LifestyleBeloved Actor and Activist Louis Cameron Gossett Jr. Dies at 87

Beloved Actor and Activist Louis Cameron Gossett Jr. Dies at 87

Louis Gossett Jr., the groundbreaking actor whose career spanned over five decades and who became the first Black actor to win an Academy Award as Best Supporting Actor for his memorable role in “An Officer and a Gentleman” (1982) has died.

Gossett, who was born on May 27, 1936, in Brooklyn, N.Y., was 87. Recognized early on for his resilience and nearly unmatched determination, Gossett arrived in Los Angeles in 1967 after a stint on Broadway.

He sometimes spoke of being pulled over by law enforcement en route to Beverly Hills, once being handcuffed to a tree, which he remembered as a jarring introduction to the racial tensions of Hollywood. 

In his memoir “An Actor and a Gentleman,” Gossett recounted the ordeal, noting the challenges faced by Black artists in the industry.

Despite the hurdles, Gossett’s talent shone brightly, earning him acclaim in groundbreaking productions such as “A Raisin in the Sun” (1959 Broadway, 1961 film) alongside Sidney Poitier. His Emmy-winning portrayal of Fiddler in “Roots” (1977) solidified his status as a trailblazer, navigating a landscape fraught with racial prejudice.

Gossett’s Journey Into the Limelight 

According to the HistoryMakers, which interviewed him in 2005, Gossett’s journey into the limelight began during his formative years at PS-135 and Mark Twain Junior High School, where he demonstrated early leadership as the student body president. 

His passion for the arts blossomed when he starred in a “You Can’t Take It With You” production at Abraham Lincoln High School, catching the attention of talent scouts who propelled him onto Broadway’s stage in “Take A Giant Step.” His stellar performance earned him the prestigious Donaldson Award for Best Newcomer to Theatre in 1952.

Though initially drawn to sports, Gossett’s towering 6’4” frame and athletic prowess led him to receive a basketball scholarship at New York University. Despite being drafted by the New York Knicks in 1958, Gossett pursued his love for acting, honing his craft at The Actors Studio under the tutelage of luminaries like John Stix and Peggy Fury.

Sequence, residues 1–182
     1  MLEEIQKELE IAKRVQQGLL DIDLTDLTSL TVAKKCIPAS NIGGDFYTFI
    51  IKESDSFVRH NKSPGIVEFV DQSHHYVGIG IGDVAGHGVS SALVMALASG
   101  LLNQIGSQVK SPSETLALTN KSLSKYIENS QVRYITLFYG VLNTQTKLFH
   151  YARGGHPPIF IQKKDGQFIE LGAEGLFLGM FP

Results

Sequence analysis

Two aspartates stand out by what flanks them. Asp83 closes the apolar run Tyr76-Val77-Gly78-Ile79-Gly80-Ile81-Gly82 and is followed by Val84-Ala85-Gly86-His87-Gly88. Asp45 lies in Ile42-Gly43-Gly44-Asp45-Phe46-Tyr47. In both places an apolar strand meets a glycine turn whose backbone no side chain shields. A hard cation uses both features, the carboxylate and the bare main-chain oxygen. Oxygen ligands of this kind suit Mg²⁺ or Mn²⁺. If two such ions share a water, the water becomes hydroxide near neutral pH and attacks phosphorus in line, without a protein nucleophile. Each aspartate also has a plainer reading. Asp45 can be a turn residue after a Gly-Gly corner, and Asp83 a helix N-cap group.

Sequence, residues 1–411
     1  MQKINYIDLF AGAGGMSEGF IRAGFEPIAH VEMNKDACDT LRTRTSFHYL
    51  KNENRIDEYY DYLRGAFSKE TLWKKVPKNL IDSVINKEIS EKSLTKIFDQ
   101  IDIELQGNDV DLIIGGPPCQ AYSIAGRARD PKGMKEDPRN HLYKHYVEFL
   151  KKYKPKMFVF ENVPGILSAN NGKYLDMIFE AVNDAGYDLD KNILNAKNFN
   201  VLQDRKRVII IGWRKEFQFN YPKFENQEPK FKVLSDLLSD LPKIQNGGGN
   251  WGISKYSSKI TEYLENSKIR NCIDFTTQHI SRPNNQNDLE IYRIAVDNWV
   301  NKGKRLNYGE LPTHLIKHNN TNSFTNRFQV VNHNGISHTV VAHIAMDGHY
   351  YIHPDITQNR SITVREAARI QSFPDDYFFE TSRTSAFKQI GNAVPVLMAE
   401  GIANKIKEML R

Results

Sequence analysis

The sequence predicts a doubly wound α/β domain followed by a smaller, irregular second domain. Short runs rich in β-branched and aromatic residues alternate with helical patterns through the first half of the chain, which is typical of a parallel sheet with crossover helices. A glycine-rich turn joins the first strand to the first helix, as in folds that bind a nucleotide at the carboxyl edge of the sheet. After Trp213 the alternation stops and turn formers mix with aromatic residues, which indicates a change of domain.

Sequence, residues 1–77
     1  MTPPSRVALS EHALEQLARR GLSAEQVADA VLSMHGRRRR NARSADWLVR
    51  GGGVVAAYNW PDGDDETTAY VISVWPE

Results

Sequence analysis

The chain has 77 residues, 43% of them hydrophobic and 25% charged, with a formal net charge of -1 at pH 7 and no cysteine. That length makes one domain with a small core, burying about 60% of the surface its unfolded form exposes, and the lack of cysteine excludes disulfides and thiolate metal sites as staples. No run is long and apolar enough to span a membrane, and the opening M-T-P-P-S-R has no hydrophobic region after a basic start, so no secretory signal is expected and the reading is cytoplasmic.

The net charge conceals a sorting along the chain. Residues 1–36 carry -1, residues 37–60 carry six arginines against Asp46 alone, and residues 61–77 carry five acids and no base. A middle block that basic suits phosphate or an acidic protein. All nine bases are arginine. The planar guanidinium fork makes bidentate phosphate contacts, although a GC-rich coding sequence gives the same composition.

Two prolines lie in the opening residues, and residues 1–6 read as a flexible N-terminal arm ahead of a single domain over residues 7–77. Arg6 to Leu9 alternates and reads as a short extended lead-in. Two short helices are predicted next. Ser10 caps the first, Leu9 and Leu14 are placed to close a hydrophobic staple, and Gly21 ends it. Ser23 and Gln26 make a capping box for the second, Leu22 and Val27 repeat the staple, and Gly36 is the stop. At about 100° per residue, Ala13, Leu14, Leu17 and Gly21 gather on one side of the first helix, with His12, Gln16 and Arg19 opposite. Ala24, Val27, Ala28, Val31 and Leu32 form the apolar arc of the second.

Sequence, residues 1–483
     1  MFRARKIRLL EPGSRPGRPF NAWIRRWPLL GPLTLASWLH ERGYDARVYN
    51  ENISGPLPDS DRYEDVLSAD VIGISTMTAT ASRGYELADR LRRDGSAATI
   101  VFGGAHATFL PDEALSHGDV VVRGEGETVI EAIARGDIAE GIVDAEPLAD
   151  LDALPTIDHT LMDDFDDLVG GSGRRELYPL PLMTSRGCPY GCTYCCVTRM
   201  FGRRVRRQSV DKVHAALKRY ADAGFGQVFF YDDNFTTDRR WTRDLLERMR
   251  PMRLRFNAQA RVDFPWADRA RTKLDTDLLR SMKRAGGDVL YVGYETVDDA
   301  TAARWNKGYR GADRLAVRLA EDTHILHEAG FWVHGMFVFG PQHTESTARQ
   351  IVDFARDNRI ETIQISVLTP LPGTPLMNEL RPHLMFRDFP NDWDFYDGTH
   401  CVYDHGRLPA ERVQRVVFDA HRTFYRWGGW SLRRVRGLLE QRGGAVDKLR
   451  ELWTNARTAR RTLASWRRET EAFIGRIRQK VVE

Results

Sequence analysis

By the late 1950’s, Gossett’s talent caught the eye of Broadway directors, leading to roles in acclaimed productions such as “Raisin in the Sun” (1959) and “The Blacks,” alongside legends like James Earl Jones, Cicely Tyson, Roscoe Lee Brown, and Maya Angelou. 

Transitioning seamlessly to television, Gossett graced small screens with appearances in notable shows like “The Bushbaby” (1969) and “Companions in Nightmare” (1969).

Gossett’s silver screen breakthrough came with his role in “The Landlord,” (1970) paving the way for a prolific filmography that spanned over 50 movies and hundreds of television shows. From “Skin Game” (1971) to “Lackawanna Blues,” (2005) Gossett captivated audiences with his commanding presence and versatile performances.

However, his portrayal of “Fiddler” in Alex Haley’s groundbreaking miniseries “Roots” earned Gossett critical acclaim, including an Emmy Award. 

The HistoryMakers noted that his golden touch extended to the big screen, where his role as Sergeant Emil Foley in “An Officer and a Gentleman” earned him an Academy Award for Best Supporting Actor, making him a trailblazer in Hollywood history.

Beyond the glitz and glamor of Hollywood, Gossett was deeply committed to community activism. 

In 1964, he co-founded a theater group for troubled youth alongside James Earl Jones and Paul Sorvino, setting the stage for his lifelong dedication to mentoring and inspiring the next generation. Gossett’s tireless advocacy for racial equality culminated in the establishment of Eracism, a nonprofit organization dedicated to combating racism both domestically and abroad.

Throughout his illustrious career, Gossett remained a beacon of strength and resilience, using his platform to uplift marginalized voices and champion social change. 

Gossett is survived by his children, Satie and Sharron. 

Source: Washington Informer

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